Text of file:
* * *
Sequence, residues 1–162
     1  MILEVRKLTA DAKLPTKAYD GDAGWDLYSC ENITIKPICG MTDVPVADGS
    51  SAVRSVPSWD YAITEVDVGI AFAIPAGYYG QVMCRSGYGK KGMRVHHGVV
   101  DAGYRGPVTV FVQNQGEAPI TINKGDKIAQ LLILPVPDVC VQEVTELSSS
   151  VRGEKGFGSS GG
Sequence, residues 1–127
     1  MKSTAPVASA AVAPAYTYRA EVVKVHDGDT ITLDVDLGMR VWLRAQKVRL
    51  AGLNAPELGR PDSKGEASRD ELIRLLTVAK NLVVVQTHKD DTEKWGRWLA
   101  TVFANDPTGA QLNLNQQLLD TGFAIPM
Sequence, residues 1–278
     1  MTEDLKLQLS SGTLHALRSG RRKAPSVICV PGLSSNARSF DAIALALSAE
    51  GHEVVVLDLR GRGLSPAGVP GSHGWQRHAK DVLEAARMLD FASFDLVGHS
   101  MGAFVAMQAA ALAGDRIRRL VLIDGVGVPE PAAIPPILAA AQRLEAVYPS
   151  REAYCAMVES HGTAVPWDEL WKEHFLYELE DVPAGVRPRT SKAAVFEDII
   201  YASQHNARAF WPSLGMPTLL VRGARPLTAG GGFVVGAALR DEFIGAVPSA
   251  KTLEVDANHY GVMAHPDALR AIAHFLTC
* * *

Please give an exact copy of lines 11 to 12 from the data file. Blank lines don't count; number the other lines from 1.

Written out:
     1  MTEDLKLQLS SGTLHALRSG RRKAPSVICV PGLSSNARSF DAIALALSAE
    51  GHEVVVLDLR GRGLSPAGVP GSHGWQRHAK DVLEAARMLD FASFDLVGHS